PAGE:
Sulzrieden was called "Berca minor" (Kleinberka) or "Sulzridin" in earlier centuries. It was first mentioned in records in 1197 and deserted again in the 14th century.
The former cemetery of Sulzrieden was discovered in 1936 during the construction of a shooting range. Archaeological investigations showed on the basis of burial gifts that Slavs were buried next to Christians here. This suggests a peaceful coexistence – and that this was the place of one of the westernmost settlements of Slavs in Thuringia in the 9th and 10th century.
The name Sulzrieden originates from "salty reed" or "salty marsh" and gives as clue as to why this settlement was founded. The settlers acted by order of secular landowners and cleared forests, drained marshes and colonised wastelands.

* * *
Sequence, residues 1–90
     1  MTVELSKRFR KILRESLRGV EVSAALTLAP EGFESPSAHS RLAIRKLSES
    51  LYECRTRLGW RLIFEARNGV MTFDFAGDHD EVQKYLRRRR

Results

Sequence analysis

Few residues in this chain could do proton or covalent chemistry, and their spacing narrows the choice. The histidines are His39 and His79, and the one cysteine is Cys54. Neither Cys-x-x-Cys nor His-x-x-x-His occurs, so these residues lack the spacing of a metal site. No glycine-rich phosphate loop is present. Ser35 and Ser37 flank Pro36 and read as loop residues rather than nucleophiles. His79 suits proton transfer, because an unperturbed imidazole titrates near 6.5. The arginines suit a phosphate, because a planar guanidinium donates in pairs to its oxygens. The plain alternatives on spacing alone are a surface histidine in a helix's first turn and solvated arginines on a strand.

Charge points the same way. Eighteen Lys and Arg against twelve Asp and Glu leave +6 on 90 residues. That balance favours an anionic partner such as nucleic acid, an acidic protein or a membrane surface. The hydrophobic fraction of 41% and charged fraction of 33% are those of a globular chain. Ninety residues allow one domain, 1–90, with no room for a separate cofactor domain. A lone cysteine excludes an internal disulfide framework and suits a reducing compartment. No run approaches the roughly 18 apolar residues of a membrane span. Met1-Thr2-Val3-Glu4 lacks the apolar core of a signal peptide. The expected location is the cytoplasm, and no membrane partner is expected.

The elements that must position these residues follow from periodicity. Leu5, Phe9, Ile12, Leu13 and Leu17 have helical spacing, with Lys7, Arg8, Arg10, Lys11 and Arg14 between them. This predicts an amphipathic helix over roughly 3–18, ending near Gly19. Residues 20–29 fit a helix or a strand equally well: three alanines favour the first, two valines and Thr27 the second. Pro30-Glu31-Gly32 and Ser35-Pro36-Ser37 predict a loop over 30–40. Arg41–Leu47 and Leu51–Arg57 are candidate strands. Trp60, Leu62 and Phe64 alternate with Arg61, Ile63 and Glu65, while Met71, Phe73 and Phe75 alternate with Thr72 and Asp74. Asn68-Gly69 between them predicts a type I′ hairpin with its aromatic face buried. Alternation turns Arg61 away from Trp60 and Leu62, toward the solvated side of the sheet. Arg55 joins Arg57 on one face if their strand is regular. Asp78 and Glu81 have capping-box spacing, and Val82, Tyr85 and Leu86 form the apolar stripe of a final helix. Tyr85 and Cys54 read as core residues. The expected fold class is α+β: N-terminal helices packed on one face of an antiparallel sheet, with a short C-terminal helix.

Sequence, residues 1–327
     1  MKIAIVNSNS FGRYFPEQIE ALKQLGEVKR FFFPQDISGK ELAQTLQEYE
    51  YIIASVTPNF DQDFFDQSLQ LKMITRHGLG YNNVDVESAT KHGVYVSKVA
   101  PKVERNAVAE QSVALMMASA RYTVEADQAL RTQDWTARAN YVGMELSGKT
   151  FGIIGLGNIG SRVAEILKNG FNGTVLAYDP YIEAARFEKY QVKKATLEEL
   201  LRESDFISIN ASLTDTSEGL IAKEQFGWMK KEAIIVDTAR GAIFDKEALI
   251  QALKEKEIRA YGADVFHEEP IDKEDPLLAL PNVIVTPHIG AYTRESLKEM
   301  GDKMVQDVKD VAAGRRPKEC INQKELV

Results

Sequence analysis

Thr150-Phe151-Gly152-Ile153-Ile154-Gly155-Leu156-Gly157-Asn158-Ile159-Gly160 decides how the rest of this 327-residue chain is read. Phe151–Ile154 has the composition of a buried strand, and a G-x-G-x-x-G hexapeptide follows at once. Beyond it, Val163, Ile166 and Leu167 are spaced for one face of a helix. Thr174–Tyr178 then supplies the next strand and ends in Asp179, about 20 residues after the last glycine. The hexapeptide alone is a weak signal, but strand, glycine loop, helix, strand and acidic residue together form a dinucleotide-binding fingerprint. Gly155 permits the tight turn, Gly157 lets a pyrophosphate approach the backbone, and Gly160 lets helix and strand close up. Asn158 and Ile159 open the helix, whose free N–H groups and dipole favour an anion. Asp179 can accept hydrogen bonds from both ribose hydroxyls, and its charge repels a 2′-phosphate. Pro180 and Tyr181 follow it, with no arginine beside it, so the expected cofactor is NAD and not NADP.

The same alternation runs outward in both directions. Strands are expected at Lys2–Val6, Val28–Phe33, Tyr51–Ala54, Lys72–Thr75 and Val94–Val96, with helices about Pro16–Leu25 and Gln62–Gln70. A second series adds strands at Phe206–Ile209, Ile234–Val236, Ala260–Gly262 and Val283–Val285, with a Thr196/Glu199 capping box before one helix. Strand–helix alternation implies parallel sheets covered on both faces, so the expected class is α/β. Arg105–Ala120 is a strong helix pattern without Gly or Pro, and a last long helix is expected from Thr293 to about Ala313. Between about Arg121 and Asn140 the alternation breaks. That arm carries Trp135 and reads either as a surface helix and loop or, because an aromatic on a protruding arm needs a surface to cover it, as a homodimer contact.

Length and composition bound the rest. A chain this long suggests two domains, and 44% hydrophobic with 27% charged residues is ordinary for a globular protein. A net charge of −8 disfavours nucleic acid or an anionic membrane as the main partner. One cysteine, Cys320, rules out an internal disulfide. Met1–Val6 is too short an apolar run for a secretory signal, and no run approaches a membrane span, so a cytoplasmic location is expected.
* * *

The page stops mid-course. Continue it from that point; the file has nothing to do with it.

A spring, the Silberborn, is believed to be the place where the former village well was. An old legend has it that all newborn babies from Berka come from the Silberborn. This spring has its source unde the rootstock of the mighty Silberbornlinde, a lime tree.